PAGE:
In a blog post, Emily Goldstein of the Association for Neighborhood Housing and Development (ANHD), criticized the logic of the many rezonings targeting low-income neighborhoods of color.

“Rich neighborhoods are able to get things like school improvements, park repairs, and basic infrastructure maintenance without having to ‘trade’ for something City Hall wants that local residents oppose. Poor neighborhoods have decades of backlogged needs, the direct result of explicit government disinvestment,” she wrote, explaining that councilmembers in poor neighborhoods thus feel they can only get investment by accepting a rezoning, which she argues will accelerate displacement. “Rather than declare many neighborhoods off limits and continue to place the burden of citywide policy needs on low-income communities of color, maybe it’s time we had a citywide conversation about how to share the responsibilities of development equitably, add density where it actually makes sense to, and invest resources based on the actual needs of communities.”

Councilmembers offer praise, voice frustration

Most of the councilmembers offered words of support for the Jerome Avenue rezoning plan, including two of the councilmembers whose neighborhoods have gone through rezonings.

“There’s a lot of anxiety, and I get that, but let me tell you about what’s happening in East New York,” said councilmember Rafael Espinal, who said there were an unprecedented number of applications for affordable housing with no market-rate housing in his district. So repeated Councilmember Donovan Richards of the Rockaways, saying there were nine privately owned sites that will be developed in his area with 100 percent subsidized housing. “One of the things I [told] Councilmember Gibson when she called and asked for advice…[is] leadership is not about winning a popularity contest,” he said.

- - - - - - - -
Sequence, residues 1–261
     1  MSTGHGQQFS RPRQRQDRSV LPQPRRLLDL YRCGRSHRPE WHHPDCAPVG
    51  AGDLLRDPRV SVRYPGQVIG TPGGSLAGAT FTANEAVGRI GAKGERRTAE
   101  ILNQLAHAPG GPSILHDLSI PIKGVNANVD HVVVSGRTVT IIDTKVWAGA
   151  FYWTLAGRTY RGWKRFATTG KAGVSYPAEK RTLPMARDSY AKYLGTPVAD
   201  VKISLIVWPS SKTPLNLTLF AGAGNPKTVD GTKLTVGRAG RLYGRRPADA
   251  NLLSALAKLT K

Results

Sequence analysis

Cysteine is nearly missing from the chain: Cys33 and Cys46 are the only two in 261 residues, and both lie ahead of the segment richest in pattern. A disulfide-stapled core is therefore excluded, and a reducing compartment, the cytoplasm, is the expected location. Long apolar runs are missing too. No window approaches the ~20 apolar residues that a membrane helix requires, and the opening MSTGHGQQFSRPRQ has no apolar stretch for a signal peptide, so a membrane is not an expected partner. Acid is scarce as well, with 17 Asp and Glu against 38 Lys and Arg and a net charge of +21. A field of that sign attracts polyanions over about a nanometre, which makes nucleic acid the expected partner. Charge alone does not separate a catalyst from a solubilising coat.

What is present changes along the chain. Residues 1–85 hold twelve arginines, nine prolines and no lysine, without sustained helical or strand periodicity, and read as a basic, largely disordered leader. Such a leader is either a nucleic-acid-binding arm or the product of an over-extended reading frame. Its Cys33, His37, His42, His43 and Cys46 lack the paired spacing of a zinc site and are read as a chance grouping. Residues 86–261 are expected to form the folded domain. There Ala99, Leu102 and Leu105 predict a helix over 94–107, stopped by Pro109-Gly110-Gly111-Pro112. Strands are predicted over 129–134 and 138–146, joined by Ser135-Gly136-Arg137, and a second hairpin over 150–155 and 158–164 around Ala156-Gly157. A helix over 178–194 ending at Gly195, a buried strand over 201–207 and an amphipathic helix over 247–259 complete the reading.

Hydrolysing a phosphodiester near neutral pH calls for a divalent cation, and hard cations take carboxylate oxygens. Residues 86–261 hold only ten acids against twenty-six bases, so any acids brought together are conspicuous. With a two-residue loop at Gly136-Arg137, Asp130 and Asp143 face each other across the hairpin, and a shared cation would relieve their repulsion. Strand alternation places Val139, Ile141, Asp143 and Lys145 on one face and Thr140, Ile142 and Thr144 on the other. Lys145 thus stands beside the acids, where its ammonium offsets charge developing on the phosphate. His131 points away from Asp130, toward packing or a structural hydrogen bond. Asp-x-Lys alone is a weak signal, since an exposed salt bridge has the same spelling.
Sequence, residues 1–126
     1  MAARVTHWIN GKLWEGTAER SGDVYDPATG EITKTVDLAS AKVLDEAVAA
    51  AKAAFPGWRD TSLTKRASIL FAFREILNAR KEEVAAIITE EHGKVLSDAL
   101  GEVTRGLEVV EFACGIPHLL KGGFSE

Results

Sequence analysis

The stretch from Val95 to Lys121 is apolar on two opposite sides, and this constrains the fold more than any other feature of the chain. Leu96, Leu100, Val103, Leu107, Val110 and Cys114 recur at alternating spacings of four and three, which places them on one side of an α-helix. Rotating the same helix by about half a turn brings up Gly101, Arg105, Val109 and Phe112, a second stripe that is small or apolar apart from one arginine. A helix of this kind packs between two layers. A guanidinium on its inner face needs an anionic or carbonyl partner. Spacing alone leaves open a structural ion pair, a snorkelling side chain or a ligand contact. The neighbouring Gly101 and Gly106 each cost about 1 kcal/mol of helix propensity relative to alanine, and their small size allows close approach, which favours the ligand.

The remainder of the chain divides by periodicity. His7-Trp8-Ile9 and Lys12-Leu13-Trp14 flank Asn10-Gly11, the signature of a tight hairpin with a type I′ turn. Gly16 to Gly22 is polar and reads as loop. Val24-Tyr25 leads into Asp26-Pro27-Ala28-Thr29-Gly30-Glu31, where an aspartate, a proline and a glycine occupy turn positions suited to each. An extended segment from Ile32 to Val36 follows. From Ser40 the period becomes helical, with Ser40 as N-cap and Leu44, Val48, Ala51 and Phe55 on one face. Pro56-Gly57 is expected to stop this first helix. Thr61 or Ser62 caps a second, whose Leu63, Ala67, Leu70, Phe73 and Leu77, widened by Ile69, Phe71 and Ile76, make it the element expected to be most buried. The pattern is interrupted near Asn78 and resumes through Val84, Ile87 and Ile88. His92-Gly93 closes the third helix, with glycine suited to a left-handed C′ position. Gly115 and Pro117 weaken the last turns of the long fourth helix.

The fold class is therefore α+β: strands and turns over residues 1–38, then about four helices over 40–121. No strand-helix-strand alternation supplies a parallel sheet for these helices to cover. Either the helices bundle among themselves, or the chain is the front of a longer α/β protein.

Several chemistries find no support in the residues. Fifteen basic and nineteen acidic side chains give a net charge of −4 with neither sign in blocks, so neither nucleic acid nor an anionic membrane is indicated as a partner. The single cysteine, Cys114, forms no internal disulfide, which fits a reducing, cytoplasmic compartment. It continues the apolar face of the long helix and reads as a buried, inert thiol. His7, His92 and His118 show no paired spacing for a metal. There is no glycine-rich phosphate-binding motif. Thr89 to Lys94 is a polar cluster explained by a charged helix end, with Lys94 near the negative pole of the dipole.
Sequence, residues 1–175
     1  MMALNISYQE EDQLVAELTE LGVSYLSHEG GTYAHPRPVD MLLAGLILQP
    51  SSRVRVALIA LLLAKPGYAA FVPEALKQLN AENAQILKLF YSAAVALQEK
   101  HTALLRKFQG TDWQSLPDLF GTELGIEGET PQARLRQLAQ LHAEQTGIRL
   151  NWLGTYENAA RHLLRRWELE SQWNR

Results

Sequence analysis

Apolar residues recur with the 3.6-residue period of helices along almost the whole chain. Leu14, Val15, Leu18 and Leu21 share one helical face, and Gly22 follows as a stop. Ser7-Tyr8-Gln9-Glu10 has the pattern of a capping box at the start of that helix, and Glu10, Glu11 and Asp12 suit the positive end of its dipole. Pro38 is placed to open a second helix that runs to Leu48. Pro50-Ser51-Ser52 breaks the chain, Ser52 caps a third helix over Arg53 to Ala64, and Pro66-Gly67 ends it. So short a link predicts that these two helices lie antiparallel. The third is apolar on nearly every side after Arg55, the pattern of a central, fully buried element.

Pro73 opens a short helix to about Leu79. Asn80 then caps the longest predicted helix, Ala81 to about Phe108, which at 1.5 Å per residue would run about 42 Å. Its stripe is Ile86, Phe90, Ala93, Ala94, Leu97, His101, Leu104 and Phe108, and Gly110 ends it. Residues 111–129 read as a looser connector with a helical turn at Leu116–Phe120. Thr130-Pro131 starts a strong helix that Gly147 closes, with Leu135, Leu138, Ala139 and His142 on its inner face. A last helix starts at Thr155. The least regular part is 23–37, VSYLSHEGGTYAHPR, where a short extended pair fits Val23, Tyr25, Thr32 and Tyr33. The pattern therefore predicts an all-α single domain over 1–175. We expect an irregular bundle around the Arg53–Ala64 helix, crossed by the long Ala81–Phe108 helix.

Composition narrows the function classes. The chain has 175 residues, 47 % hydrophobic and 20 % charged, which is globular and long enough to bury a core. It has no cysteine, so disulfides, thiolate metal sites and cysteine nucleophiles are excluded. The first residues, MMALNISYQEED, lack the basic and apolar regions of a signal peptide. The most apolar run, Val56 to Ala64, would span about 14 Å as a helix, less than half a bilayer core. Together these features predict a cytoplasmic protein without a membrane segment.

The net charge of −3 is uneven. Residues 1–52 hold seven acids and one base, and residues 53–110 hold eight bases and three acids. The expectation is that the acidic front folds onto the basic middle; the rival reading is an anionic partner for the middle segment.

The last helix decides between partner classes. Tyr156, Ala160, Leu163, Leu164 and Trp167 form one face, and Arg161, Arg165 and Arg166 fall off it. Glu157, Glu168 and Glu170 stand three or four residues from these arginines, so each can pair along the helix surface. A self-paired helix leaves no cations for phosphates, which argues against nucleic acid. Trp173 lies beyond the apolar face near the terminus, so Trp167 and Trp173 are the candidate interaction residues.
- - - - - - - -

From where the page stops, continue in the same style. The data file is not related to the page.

But Councilmember Inez Barron, reminding the body that she voted against the East New York rezoning and other rezoning plans, said she was voting in favor of Jerome Ave but with hesitation. She expressed concern that the Council did not have the tools to prioritize the needs of the poor, and said the body should consider redesigning the mandatory inclusionary housing program, which the Council passed two years ago and which critics say does not require enough affordable housing or that the rent levels aren’t sufficiently low.

She was still voting for the rezoning, however, saying, “There’s still the opportunity, as has been explained to me, for market rate to come to that area even before the regulatory agreements…terminate or reach their expiration date and I’m concerned about that…”

Councilmember Carlos Menchaca echoed the call to reexamine the city’s mandatory inclusionary housing policy and also praised Johnson for following up on one of his campaign promises: to allocate more funds to the Council’s operating budget, including its Land Use team so it could increase its research on rezonings. Councilmember Jumaane Williams also called for revisions to mandatory inclusionary housing and warned of the potential for Jerome Avenue’s market to heat up over time.

Councilmember Antonio Reynoso said that the upcoming charter revision process also provided an opportunity to “look at the way we move through the land-use process, and maybe allow these communities to come in at a front end and let us know what they’re thinking about instead of at the tail end, and we won’t have the same type of discourse where it looks like we’re working against each other when really we’re all on the same page.”